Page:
Overnight Tech: Hatch to unveil 'Innovation Agenda' | GOP lawmaker targets internet privacy rules | Yahoo warns of further breach

Overnight Tech: Hatch to unveil 'Innovation Agenda' | GOP lawmaker targets internet privacy rules | Yahoo warns of further breach
© Greg Nash

Sen. Orrin HatchOrrin Grant HatchOvernight Finance: Trump signs Dodd-Frank rollback | Snubs key Dems at ceremony | Senate confirms banking regulator | Lawmakers lash out on Trump auto tariffs Overnight Health Care — Sponsored by PCMA — Abortion rights group plans M campaign to flip the House Senate GOP sounds alarm over Trump's floated auto tariffs MORE (R-Utah), the chairman of the Senate High-Tech task force, is unveiling his "Innovation Agenda for the 115th Congress" Wednesday on Capitol Hill.

A release announcing the event said that topics would include spurring tech investment via tax reform, and fostering an "open Internet."

A spokesperson for Hatch said the senator intends to unveil both legislative priorities and work that he intends to do on the executive side with President Trump on issues important to technology companies.

"There will be discussion of the legislative side, specifically bills that will be offered and a realistic view of how we get the Trump administration to work with us," the spokesperson said.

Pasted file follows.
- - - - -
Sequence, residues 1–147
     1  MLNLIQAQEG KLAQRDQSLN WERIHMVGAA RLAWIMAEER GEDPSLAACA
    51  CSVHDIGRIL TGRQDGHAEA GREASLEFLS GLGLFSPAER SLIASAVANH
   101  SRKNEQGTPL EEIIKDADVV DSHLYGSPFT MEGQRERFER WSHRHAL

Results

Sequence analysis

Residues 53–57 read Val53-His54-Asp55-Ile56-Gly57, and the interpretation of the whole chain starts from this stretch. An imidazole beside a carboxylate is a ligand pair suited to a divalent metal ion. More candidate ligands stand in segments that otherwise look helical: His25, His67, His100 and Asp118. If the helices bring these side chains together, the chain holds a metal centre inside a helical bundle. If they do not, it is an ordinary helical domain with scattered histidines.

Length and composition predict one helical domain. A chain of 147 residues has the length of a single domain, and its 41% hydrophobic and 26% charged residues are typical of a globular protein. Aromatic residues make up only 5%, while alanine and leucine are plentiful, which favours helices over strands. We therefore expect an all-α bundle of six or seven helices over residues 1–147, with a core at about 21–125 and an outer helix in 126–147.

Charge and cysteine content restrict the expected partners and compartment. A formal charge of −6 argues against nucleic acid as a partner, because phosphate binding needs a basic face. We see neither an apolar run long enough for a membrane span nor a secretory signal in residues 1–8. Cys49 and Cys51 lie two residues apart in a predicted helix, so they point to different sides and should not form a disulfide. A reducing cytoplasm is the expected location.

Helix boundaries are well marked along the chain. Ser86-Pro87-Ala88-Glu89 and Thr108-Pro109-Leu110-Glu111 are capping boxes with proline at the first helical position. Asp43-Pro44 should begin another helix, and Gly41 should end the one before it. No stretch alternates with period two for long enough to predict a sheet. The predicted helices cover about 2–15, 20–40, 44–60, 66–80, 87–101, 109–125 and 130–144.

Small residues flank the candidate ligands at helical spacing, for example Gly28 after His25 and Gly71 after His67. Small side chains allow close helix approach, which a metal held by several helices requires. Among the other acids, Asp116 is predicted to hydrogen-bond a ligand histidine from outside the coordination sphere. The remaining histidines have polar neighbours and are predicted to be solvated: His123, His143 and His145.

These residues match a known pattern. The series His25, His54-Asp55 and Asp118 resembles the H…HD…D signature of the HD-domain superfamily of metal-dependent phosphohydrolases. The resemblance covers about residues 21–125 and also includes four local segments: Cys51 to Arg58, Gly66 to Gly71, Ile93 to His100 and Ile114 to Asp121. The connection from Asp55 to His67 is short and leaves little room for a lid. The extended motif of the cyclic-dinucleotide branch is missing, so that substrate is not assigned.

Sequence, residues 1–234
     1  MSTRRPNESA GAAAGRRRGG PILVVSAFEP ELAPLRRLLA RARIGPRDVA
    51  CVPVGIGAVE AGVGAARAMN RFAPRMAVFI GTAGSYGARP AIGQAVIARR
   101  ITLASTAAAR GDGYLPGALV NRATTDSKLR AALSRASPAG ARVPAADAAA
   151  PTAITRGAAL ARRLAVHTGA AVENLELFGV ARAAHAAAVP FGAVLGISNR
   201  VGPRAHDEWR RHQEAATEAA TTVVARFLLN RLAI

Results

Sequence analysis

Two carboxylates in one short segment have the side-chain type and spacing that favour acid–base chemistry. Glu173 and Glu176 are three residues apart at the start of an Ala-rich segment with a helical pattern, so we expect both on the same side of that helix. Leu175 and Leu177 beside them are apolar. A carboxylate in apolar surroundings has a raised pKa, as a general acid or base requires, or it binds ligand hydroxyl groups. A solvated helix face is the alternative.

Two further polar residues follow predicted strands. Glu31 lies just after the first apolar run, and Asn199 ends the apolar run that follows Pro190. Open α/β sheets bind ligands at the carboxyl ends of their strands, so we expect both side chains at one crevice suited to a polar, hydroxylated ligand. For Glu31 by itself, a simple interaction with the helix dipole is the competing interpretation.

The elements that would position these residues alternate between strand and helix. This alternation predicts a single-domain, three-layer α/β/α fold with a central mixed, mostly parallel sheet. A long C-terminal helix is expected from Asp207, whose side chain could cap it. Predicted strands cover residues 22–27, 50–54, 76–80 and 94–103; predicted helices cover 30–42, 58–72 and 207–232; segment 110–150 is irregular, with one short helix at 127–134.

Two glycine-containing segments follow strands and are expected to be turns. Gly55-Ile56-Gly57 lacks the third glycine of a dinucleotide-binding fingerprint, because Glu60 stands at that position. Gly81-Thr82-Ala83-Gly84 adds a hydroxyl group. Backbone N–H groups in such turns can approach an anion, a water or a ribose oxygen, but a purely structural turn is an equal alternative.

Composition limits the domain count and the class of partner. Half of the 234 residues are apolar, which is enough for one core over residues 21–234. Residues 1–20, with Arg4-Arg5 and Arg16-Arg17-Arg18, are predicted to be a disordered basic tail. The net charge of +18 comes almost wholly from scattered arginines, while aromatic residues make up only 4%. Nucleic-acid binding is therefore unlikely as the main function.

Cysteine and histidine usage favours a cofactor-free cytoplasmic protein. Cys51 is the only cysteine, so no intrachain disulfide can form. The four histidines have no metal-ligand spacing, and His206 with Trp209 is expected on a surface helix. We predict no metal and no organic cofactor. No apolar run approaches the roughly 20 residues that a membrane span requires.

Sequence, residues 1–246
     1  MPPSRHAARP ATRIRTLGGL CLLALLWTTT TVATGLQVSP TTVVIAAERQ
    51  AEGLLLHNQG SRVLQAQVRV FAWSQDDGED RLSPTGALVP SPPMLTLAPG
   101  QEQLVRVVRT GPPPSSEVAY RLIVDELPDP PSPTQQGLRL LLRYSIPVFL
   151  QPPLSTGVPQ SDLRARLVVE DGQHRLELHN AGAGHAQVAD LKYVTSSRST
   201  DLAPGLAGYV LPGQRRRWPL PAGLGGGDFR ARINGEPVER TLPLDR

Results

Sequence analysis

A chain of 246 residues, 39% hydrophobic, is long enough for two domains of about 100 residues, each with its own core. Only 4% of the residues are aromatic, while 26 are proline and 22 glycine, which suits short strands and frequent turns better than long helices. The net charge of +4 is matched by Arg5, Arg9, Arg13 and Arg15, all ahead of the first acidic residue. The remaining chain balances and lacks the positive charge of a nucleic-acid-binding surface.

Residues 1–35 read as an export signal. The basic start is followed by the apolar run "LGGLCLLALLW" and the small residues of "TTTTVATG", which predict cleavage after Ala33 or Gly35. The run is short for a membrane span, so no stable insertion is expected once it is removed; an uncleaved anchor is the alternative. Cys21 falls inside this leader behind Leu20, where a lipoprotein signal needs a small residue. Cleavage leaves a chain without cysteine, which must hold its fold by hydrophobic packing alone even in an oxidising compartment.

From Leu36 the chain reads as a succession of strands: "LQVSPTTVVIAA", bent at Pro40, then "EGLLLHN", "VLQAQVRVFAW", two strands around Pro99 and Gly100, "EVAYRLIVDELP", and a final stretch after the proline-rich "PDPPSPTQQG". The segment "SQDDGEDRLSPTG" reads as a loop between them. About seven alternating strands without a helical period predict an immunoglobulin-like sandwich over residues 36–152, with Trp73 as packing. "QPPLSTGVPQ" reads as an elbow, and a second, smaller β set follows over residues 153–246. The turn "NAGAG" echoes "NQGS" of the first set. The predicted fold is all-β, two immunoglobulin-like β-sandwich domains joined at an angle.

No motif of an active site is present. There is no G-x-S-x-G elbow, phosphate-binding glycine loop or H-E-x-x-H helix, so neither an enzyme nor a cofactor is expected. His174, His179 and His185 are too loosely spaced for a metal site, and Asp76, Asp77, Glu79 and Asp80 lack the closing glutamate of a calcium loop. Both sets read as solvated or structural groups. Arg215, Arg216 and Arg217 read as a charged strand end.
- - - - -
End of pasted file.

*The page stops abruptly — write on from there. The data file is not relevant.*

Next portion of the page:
Craig Albright, Vice President of Legislative Strategy at BSA, The Software Alliance said that he expects Hatch to also reveal plans regarding highly skilled immigration and H-1B visas.

"[Hatch's] approach is also constructive because we've also suggested high skilled visa issues should be accomplished with strong support for strong computer science education to build up the pipeline with American workers."

The tech industry is a big supporter of the visas for high-skilled workers, but Trump may be planning moves to restrict the program.

A Republican Senate aide confirmed that high skilled immigration paired with "a STEM [science, tech, engineering, math] education component," is expected to be brought up at the event.

Albright also said he anticipated Hatch would bring up issues on intellectual property and international law enforcement cooperation.

Albright's group, BSA, is one of several organizations that met with Hatch last week to discuss intellectual property reform, data privacy and high-skilled immigration.

Other groups or companies that met with Hatch included Apple, Amazon, Oracle, Cisco, Qualcomm, The Information Technology Industry Council and The Internet Association.

A Senate aide said "stakeholders were able to weigh in with what they considered their priorities legislatively" at the meetings with Hatch last week.


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BROADBAND PRIVACY BILL IN THE LEGISLATIVE PIPELINE: Sen. Jeff FlakeJeffrey (Jeff) Lane FlakeOvernight Energy: Reporters barred from Day 2 of EPA summit | Dems blame Trump for gas price increases | Massachusetts to get new offshore wind farm Jeff Flake: Trump has 'debased' the presidency Senate Democrats look for traction on gas prices MORE (R-Ariz.) says that he is going to introduce a resolution to block the FCC's broadband privacy rules. Flake says the effort to block the rules under the Congressional Review Act (CRA) could come in the next few weeks.